New media configurations and socio-cultural dynamics in Asia and the Arab world

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Today more than ever new media and digital technologies are embedded in everyday life and socio-cultural structures. In fact, the evolving nature of media platforms, the migratory feature of content across various media sites, and the adoption of a participatory culture have tremendously altered the social dynamics not only within the nation-state setting but also in a transnational context. The significance of this networked and digitally-mediated communication necessitates the contextualisation of media practices by scholars and researchers who are interested in the interconnectedness of media configurations and social and political relations. Nadja-Christina Schneider’s and Carola Richter’s edited volume New Media Configurations and Socio-Cultural Dynamics in Asia and the Arab World (Baden: Nomos Verlagsgesellschaft, 2015) emerged from the interdisciplinary conference New Media Configurations – Changing Societies? Current Research Perspectives on South Asia, Southeast Asia, the Middle East and North Africa, held in Berlin from 28-30 November 2013. The book therefore aims to textualise and analyse the emerging media practices and the processes of mediatisation within societies in these regions.

A glance at the recent socio-political events in the Middle East such as Iran’s Green Movement (2009), the so-called Arab Spring (2010-2012), Syria’s Civil War (2011-present), and the displacement of millions of Syrians from their homeland explicitly shows the crucial role of new media configurations that mobilised people and negotiated hierarchical power relations through the engendering of a collective knowledge and a participatory movement. The distinctive aspect of the various contributions is that they point to the major socio-political movements in Asia and the Arab world as regional and/or translocal hallmarks, based on which the authors provide accounts of the transformation of media landscape, power dynamics, and socio-cultural, political, and aesthetic expressions in countries as diverse as Myanmar, Egypt, Lebanon, United Arab Emirates, Iran, Malaysia, Indonesia, Thailand, Tajikistan, India, and the Kashmir region. The book is divided into four major parts, each bringing a new perspective to trans-regional new media practices. These four sections include: The Political Economy of Media, The Multiple Intersections of Religion and Media, Applying the Lens of Mobility to Media and Gender Studies, and Changing Media Practices in a Digital Age.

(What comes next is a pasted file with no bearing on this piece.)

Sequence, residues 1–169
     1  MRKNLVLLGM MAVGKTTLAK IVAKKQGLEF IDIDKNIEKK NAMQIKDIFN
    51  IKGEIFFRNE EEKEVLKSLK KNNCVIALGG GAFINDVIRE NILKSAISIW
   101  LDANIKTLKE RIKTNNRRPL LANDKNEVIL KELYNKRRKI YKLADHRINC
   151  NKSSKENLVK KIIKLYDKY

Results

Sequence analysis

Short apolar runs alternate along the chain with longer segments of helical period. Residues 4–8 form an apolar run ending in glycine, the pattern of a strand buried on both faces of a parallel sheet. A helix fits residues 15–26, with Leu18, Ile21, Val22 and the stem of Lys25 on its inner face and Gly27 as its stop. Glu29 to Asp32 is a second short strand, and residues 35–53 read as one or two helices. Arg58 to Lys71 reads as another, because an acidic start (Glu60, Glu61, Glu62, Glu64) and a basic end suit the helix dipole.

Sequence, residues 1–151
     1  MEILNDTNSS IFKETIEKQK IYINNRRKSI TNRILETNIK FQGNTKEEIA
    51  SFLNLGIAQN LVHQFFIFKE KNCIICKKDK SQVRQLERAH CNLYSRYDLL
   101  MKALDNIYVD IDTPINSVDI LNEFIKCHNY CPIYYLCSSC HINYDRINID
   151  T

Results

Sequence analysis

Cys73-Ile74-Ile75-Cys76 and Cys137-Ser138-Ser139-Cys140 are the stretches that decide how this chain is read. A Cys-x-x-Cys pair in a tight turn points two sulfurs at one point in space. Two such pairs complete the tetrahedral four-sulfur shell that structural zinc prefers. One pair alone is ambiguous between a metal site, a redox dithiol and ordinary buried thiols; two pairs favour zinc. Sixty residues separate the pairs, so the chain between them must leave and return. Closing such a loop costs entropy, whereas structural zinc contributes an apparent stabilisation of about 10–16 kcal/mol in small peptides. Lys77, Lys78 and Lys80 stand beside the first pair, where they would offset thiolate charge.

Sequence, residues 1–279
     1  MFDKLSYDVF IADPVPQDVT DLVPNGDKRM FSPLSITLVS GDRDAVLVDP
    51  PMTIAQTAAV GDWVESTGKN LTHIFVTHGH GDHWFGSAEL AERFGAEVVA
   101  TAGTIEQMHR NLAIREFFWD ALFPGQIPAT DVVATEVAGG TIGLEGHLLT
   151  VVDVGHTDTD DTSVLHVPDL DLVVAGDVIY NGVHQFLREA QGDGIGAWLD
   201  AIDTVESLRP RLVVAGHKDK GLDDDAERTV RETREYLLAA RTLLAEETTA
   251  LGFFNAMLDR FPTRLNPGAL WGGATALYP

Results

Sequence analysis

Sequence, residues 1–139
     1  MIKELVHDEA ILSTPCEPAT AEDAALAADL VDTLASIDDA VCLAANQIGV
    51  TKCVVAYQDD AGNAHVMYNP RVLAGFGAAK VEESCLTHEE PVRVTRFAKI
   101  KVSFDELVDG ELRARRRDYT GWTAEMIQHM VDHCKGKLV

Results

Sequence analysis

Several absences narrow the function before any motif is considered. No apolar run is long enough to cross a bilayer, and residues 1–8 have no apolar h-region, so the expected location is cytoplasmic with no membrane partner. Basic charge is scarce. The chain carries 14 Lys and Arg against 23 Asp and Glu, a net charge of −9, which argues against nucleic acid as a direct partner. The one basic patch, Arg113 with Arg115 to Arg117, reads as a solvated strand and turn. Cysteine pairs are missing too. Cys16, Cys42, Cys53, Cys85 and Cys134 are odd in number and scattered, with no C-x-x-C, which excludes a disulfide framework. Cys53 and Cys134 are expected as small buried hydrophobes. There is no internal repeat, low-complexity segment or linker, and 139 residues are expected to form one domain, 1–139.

A salient insight in regard to the changing media landscape discussed by the majority of authors is the convergence of old and new media, where new media technologies enhance or supplement the functionality and influence of old media through interactivity and the flow of content across their platforms. Marwan Kraidy’s concept of ‘hypermedia space’ (p. 319) as an interlocking communicative setting and ‘a symbolic field created by interactions between multiple media, from mobile telephones to satellite television’ (also deployed in his earlier book Reality Television and Arab Politics: Contention in Public Life [2010]) is particularly useful in relation to the convergence of old and new media. In his chapter ‘Graffiti, Hypermedia and Heterotopia after the Arab Uprisings: New Media Practices and Configurations’, Kraidy argues to understand socio-political expressions and discourses in Beirut’s graffiti scene as long-standing communicative practices where myriad ideological, political, sexual, and civic representations create an aesthetic exchange of information in conjunction with socio-political transformations that are related not only to local knowledge but also to a transnational intelligence. For instance, given that during the Arab uprisings Beirut has remained a relatively stable city, the walls of the town have come to resonate with the political struggles of the Arab world elsewhere. As Kraidy writes, ‘an abundance of Arab uprisings stencil graffiti, especially but not solely from the ongoing Syrian rebellion, have dotted the walls of Beirut since late 2010’ (p. 324). Further, Beirut’s graffiti critique or mock the roles of media in the continuous changes of the region and power relations. This media reflexivity becomes more complex through the circulation of graffiti images in online platforms merging spatial and digital sites as well as local and global discourses.


These convergences also come to the fore in the case of cyber-urban activism employed by Chinese Muslims in Malaysia and Indonesia, which Hew Wai Weng discusses in his chapter ‘Dakwah 2.0: Digital Dakwah, Street Dakwah and Cyber-Urban Activism among Chinese Muslims in Malaysia and Indonesia’. Underlining the growing tendency of inviting non-Muslim Chinese to Islam in these two countries, Weng utilises various methodological approaches such as participant observation, interviews, and content and internet research to argue the multiplicity of strategies that (newly-converted) Chinese Muslims use not only to disseminate Islamic messages and invite non-Muslim Chinese into their communities but also to perform Chinese identity within the religious and national contexts of Malaysia and Indonesia. In this regard Chinese Muslims integrate Chinese cultural symbols in their preaching and religious ceremonies and build ‘Chinese-style mosques and halal restaurants’ (p. 202) in conjunction with the extensive use of social media such as YouTube, Facebook, and web sites. Thus, as Weng puts it, ‘Muslim religiosity in Malaysia and Indonesia has not only been negotiated in various physical places (from mosques to shopping malls) but also contested in numerous cyber spaces (from the blogosphere to Facebook)’ (p. 199).